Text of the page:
Bizarre Stories Connected To Popular Foods

Our favorite foods are a source of comfort, joy and good eating. But beneath the delicious exterior, many foods have bizarre tales connected to them: stories of murder, global conquest and child slavery that will ruin your appetite.

Colin Adlard murdered his wife over bad mashed potatoes

Marriages are difficult for most people, but few get to the point of violence. Even fewer end in murder. Out of those terribly tragic cases where wedding bells lead to blood and pain, few are as baffling as Wendy Adlard's murder.

For years, the Adlards had argued. Things got worse when both Wendy and Colin lost their jobs. Colin worked as a geophysicist, but between 2000 and 2005 suffered a horrible cocktail of a brain haemorrhage, stroke, and heart attack. Needless to say, he couldn't work anymore. Resentment entered the marriage. Both husband and wife got frustrated with their financial situation, letting their marriage devolve into bitter arguing.

It all came to a head during an extreme argument over the stupidest thing: the quality of Wendy's mashed potatoes. They were so bad to Colin, it sent him into a murderous rampage. Years of resentment got unleashed — when Wendy went to bed, Colin fed the dogs, grabbed a hammer, and smashed in his wife's head. The murderous husband described a red mist (and probably the image of terrible mashed potatoes) descending over him during the attack.

Wendy died on the way to the hospital and Colin got life in prison. With so much time to think about those potatoes, hopefully Colin regrets his decision to put the "banger" into bangers and mash.

Paul Dennis Reid's fast food rampage

Fast food is killing us, but for seven Tennessee residents in 1997, taking a trip to a fast food place ended their lives a lot faster than greasy hamburgers — they were victims of Paul Dennis Reid's bloodlust. Reid killed his victims exclusively at fast food locations, earning him the descriptive, but not very creative, nickname of "the Fast Food Killer."

The exact reason for Reid's murderous rampage is unknown, but it was probably sparked by his failed music career. Reid first arrived in Nashville to try to make it big in the music scene, but never caught a break. Instead of making a more normal career change, Reid decided that turning into a notorious mass murderer was the only way to cope.

Reid's first victims were at a Captain D's seafood restaurant. Early in the morning, he entered the restaurant and shot two early-morning employees, execution style. One month later, he attacked a McDonald's restaurant, killing three and stabbing another victim 17 times. Even though the police turned the state upside-down looking for him, Reid managed to commit one more crime, kidnapping two girls from a Baskin-Robbins and slitting their throats in a nearby cave.

For some reason, Reid decided afterwards that he needed a full-time job in food service. Getting into some classier digs, Reid started working at a steakhouse. His blood lust didn't subside, and he attacked the manager. When the cops arrested him, they realized that they had captured the "Fast Food Killer."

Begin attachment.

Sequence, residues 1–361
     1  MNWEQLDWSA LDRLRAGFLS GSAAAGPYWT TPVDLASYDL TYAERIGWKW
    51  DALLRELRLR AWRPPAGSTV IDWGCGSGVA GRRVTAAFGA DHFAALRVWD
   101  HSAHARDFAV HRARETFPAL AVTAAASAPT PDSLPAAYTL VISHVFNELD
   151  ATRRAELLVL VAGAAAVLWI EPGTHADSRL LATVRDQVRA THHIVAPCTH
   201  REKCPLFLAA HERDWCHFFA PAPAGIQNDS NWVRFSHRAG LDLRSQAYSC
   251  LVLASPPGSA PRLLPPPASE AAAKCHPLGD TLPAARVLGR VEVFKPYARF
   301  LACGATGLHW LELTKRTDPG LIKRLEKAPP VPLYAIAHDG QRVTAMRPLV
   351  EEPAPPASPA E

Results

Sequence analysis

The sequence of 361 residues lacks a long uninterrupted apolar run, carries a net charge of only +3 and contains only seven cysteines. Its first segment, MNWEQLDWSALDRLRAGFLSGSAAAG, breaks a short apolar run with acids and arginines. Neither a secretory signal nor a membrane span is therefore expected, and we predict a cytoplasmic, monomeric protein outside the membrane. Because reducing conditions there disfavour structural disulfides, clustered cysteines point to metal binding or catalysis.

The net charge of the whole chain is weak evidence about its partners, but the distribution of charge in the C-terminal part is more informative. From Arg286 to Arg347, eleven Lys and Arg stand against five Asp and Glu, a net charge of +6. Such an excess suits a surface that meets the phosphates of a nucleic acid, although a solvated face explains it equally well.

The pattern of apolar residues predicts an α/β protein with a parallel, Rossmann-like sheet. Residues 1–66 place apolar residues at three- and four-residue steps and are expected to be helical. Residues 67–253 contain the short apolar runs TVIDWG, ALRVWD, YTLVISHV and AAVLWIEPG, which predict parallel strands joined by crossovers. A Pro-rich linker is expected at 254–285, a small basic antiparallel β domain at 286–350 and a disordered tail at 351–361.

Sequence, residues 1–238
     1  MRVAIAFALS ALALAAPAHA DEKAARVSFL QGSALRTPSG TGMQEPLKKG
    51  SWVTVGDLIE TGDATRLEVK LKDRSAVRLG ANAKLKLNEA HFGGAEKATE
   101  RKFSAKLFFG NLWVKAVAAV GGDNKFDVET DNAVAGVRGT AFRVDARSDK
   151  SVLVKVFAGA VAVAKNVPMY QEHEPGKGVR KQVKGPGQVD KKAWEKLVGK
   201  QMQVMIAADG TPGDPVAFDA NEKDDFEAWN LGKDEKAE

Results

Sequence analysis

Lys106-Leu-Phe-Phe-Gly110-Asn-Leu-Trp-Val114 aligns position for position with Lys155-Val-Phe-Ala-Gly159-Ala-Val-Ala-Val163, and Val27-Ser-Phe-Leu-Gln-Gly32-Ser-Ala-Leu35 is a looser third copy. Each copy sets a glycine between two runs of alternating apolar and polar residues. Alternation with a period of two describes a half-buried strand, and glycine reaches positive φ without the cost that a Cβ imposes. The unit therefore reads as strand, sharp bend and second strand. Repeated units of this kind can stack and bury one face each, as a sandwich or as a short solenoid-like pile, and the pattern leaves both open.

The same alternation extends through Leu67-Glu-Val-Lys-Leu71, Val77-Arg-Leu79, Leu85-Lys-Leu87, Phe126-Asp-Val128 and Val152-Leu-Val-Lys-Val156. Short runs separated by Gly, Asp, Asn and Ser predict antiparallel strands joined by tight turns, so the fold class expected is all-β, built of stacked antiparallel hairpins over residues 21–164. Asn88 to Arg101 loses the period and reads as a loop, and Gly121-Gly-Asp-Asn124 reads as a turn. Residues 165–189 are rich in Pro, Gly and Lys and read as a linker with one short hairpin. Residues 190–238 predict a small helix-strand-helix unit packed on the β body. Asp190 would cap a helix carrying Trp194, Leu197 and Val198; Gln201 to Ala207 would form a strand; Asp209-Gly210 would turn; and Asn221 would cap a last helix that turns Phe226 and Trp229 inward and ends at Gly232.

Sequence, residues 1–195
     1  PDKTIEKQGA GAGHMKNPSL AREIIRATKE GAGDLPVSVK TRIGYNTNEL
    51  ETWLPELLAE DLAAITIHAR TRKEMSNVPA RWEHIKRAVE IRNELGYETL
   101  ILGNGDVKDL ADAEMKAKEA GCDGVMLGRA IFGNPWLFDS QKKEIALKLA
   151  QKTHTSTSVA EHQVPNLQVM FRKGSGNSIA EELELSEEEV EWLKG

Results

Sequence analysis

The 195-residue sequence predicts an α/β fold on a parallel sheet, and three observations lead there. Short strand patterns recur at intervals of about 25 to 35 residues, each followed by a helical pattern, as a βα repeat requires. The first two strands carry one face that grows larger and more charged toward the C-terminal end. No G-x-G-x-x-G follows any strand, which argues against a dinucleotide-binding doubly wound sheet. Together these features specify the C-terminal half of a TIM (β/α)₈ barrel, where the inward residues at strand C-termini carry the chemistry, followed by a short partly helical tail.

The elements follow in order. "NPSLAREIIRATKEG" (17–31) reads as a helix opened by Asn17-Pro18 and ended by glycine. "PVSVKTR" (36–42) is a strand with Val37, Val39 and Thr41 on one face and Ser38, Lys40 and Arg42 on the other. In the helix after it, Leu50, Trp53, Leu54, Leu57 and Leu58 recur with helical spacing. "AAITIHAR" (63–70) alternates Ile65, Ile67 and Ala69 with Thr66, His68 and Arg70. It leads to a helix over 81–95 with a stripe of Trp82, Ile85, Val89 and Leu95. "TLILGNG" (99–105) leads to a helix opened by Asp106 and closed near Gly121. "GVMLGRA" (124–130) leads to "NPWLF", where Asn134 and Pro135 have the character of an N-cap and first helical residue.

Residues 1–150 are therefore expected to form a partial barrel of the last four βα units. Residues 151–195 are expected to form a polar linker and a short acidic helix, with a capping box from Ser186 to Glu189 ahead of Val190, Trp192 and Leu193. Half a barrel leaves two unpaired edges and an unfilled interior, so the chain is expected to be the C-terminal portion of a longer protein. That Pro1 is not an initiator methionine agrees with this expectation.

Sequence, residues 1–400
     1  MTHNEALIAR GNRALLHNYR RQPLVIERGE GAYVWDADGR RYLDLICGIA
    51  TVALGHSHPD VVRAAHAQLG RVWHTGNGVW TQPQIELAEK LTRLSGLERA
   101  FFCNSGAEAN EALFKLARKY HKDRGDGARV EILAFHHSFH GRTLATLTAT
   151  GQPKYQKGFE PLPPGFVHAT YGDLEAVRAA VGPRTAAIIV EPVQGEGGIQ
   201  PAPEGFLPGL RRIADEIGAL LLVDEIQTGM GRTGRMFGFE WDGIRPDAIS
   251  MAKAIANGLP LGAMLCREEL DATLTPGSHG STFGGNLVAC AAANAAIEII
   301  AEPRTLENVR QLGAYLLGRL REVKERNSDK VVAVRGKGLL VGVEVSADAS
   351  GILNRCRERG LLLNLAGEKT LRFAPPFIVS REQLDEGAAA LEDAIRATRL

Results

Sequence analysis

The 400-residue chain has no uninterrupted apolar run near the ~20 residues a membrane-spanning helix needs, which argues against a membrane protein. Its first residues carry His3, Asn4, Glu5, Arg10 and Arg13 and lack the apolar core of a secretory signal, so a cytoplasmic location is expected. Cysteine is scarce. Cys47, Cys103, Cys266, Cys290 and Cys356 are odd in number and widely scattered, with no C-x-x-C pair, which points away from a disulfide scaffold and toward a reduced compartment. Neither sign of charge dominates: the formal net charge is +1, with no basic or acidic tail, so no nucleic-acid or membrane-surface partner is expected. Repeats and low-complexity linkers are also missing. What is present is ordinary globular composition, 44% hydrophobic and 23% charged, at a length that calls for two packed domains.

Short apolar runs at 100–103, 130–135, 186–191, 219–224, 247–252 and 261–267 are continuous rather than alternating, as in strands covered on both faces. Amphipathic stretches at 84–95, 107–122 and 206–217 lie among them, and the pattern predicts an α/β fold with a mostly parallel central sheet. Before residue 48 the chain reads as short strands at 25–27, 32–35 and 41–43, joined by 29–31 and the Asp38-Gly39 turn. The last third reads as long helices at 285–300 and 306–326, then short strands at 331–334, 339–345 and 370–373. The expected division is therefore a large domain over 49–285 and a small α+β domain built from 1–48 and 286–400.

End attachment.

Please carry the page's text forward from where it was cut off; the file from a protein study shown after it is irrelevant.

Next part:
After trial, Reid got seven death sentences, though he died in 2013 of natural causes. Tennessee won't soon forget this infamous killer that made McDonald's dangerous for more than just a high calorie count.

Graham crackers were designed to cure masturbation

Most of us don't think too much about graham crackers. They're good in s'mores and in pie crusts, but they're not something that's going to change the world. However, if after eating a delicious s'more, you suddenly find yourself wanting to stop masturbating, don't be alarmed. The crackers are serving their intended purpose.

Back in the 19th century, a ton of people thought that masturbation was really bad for you, causing all sorts of physical and emotional issues. Alarmed by supposed destruction caused by rubbing one out, Presbyterian minister Sylvester Graham tried to create a food to stop sexual urges. The original graham cracker was super bland and more like bread, very different from its modern namesake. Theoretically, the blandness stopped any passionate urges in his Presbyterian followers.

Graham was a highly regimented fellow obsessed with removing the sexual urges in his followers. He advocated sleeping on a hard mattress without pillows, eating no red meat, and having his boring crackers as the staple of their diet. The program became huge in the United States, and was actually one of the first vegetarian movements in the country. Obviously, Graham's ideas didn't survive the test of time, but his crackers did, even if fun flavors were eventually added to them. That's probably why the crackers aren't often good at stopping a round of self-fun.

Nathaniel Bar-Jonah's human pot pies

Pot pies already kinda weird foods. Who was the madman who decided to make a pie out of random, unidentifiable meat parts? People like them still, but Nathaniel Bar-Jonah took the weirdness of pot pies and gave them a whole new twisted angle. Like something out of Hannibal, Bar-Jonah made human pot pies.